Never an elite scorer even in junior, Turek's next collegiate goal will be his first. He has, however, managed 8 career assists in 71 games to date, and has recovered from a minus-9 mark as a freshman to be a valuable member of the Spartan blueline.

Nill, son of Red Wings' executive and former Blue Jim Nill, developed in and was drafted out of the Detroit Compuware junior program before heading west for a season with the Penticton Panthers of the British Columbia Junior League last year, where he was 5-6-11 with 16 PIM in 53 games.

Michigan State winger Trevor Nill hopes to follow in his father's footsteps as a member of the BluesMcKeens notes that Nill was "not expected to provide a lot of offense in the early going (at MSU this year), however (he) provides welcome size down the middle and plays a mature game on the defensive side of the puck." His defensive skills include an ability to tie up his man when taking faceoffs, and a regular shift on the penalty kill.

Nill "probably should get a bit more out of his 6-foot-2, 185-pound frame than he currently does," McKeens also notes, and "seems to lack the elite vision with the puck that would allow him to be able to distribute the puck better."

Travis Erstad (C, shoots R, 6'4, 205; Blues' 8th pick, 100th overall, in 2007): Originally scheduled to attend UW-Madison this season, Erstad decided at the 11th hour to return home to Stevens Point and opted to enroll at the hometown branch of the UW system instead. The decision to forego a Division I career to play in Division III doesn't bode well for Erstad's pro future, as only a handful of players have ever been drafted out of a Division III school, and no notable current NHL players have attended one.

UW-SP has played one game so far this season, a 10-0 rout of Northland College. Erstad started the game for the pointers, but managed only one assist out of the 14 awarded on the Pointer goals. Last year with Lincoln of the USHL, Erstad racked up 9-10-19 totals and 104 PIM in 52 games.

Big center Travis Erstad has chosen to play in his hometown at Wisconsin-Stevens PointAt 6'4, 205, Erstad has the size and the skill set to make an impact no matter what level he plays, but there's some question about the heart, and the willingness to pay the price for a high-level career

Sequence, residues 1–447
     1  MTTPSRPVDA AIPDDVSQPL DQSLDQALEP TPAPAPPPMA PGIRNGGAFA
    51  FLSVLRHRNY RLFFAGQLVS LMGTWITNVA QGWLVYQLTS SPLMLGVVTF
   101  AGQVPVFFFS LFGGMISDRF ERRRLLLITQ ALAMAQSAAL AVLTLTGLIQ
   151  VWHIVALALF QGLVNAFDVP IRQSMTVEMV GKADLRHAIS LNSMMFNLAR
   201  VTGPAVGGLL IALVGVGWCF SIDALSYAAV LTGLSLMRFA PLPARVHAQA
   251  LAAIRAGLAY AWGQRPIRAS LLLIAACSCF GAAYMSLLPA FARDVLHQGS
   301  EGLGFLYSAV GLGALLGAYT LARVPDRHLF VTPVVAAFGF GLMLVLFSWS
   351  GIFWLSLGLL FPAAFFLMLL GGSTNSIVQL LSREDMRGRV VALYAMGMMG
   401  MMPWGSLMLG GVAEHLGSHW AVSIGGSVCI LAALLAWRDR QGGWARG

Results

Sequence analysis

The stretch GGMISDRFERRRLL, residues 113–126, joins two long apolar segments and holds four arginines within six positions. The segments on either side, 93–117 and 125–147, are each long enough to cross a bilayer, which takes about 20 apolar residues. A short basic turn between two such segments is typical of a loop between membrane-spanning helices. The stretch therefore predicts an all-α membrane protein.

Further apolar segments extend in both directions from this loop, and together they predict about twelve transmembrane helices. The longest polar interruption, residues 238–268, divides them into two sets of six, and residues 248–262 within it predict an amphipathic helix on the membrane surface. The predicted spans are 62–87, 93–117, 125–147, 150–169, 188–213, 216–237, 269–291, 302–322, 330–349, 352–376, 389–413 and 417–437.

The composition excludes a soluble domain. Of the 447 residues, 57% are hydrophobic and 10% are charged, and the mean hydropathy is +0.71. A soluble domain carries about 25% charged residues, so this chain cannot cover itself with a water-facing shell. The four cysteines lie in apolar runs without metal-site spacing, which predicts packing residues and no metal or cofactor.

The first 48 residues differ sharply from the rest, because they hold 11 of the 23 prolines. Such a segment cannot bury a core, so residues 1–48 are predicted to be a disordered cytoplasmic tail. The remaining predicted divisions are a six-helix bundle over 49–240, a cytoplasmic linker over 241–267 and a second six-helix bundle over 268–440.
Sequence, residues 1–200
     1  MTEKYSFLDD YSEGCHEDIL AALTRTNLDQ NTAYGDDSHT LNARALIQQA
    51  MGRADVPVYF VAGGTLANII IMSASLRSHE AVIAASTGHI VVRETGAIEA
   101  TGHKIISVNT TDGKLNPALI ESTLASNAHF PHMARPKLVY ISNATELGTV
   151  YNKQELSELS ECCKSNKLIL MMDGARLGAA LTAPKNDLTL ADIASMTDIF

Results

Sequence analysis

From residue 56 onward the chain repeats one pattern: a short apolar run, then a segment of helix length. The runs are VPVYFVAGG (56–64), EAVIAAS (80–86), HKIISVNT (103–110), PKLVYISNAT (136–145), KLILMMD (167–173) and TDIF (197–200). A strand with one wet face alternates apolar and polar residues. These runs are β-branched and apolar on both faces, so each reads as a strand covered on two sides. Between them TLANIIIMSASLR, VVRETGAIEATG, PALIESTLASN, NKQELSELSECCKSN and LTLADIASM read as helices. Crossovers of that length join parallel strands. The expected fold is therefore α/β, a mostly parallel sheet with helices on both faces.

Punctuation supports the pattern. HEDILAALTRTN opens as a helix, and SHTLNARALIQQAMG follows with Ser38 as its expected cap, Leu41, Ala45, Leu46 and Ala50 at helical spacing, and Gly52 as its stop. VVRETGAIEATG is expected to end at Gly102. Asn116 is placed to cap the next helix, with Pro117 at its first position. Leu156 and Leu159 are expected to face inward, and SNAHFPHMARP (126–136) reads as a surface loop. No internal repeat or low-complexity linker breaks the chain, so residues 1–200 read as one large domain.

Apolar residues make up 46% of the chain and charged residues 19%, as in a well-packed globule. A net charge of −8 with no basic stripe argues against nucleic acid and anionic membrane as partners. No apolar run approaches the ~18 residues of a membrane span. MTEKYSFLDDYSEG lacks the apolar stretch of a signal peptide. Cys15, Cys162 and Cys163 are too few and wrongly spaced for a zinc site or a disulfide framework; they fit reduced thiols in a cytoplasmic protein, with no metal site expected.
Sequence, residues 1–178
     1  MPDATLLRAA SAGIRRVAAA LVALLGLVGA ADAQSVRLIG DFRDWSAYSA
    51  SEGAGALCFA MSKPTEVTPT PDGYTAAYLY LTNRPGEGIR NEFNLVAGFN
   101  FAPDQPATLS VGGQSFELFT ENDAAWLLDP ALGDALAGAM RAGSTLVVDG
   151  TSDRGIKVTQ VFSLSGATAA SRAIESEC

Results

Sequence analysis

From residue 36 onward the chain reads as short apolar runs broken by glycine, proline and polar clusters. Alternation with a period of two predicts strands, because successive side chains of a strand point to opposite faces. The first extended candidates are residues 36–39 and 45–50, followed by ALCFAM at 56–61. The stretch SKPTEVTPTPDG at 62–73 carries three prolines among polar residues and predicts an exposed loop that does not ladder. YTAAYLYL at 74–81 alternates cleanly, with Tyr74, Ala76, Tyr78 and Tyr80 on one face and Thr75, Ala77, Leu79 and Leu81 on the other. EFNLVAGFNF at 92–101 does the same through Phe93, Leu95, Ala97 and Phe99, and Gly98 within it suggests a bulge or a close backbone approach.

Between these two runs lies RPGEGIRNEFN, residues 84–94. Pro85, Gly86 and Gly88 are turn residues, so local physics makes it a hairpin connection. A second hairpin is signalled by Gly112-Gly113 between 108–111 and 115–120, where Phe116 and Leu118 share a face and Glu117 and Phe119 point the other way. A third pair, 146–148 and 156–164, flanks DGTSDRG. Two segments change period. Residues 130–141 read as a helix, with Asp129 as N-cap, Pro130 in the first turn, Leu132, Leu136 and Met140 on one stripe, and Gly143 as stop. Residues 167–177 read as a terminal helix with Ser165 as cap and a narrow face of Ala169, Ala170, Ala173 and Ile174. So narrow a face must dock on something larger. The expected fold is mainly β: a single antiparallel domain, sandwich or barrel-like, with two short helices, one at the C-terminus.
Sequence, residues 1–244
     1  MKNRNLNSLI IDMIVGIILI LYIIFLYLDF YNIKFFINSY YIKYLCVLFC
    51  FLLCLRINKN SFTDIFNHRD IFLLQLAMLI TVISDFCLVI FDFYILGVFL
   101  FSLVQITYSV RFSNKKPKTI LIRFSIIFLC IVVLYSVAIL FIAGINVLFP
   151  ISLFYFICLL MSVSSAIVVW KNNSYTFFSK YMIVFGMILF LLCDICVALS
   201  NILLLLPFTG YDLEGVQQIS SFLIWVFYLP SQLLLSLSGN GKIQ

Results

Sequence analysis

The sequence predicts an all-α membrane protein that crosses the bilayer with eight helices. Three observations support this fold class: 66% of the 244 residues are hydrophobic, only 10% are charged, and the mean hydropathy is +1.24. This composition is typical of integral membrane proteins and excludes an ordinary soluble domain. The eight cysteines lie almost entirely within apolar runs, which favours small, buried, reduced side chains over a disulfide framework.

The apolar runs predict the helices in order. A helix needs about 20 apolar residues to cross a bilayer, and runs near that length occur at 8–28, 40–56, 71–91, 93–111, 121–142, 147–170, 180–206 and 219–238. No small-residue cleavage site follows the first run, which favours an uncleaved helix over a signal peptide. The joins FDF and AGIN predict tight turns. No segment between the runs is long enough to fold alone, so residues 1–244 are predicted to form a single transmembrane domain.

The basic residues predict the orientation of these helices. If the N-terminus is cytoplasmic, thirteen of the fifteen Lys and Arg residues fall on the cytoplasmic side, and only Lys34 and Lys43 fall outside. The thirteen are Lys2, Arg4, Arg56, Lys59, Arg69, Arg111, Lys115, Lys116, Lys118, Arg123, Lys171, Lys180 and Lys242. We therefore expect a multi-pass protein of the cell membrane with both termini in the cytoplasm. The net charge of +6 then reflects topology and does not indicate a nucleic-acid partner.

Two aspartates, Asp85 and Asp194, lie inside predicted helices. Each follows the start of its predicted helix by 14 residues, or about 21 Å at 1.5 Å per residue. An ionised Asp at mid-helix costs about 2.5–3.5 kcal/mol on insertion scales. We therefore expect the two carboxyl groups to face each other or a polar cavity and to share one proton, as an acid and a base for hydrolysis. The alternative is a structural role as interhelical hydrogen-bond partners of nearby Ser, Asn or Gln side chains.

Next time in "Tomorrow's Blues," we'll review the first month of the AHL season with Peoria, and have a few words with Rivermen bench boss Davis Payne. Until then, remember... "if we do not prepare for ourselves the role of the hammer, there will be nothing left but that of the anvil." Auf wiedersehen.

Sunday, November 23, 2008

Palushaj, Cole Lead Blues' College Prospect Crop

(This article was originally featured in "St. Louis Game Time," Vol. 4 No. 6, October 25, 2008 in "Tomorrow's Blues with Brian Weidler")

The Blues have a long history of drafting players from the NCAA ranks. Back in the 80's, the usual reasoning was because the team had four years to make a decision on the player, and meanwhile they were developing on someone else's dime. Players like Nelson Emerson, Curtis Joseph, Rod Brind'Amour and Jamal Mayers all joined the Blues' organization after being drafted (or, in Joseph's case, signed as a free agent) out of college programs.

More recently, the Blues have been drafting college players not because they get four free years of development out of the deal, but because the talent level of the colleges has improved drastically. Players like Erik Johnson, Lee Stempniak, David Backes, Steve Wagner, T.J. Oshie, Chris Porter and Ben Bishop have all come to the Blues after college careers... and most of those players turned pro before graduation.

The Blues have a strong crop of prospects in college for the 2008-09 season. In this space, we've already introduced you to Boston University's David Warsofsky and Clarkson goalie Paul Karpowich, both taken by the Blues in last summer's Entry Draft. Tonight, we'll catch up with some of the Blues' previous picks who are developing their game in some of the nation's top programs.

Aaron Palushaj (RW, shoots R, 5'11, 187; Blues' 5th pick, 44th overall, in 2007): Probably the Blues' top prospect in college, Palushaj is the leading scorer for Red Berenson's Michigan Wolverines this year with five goals (including two game-winners) and nine points in five games.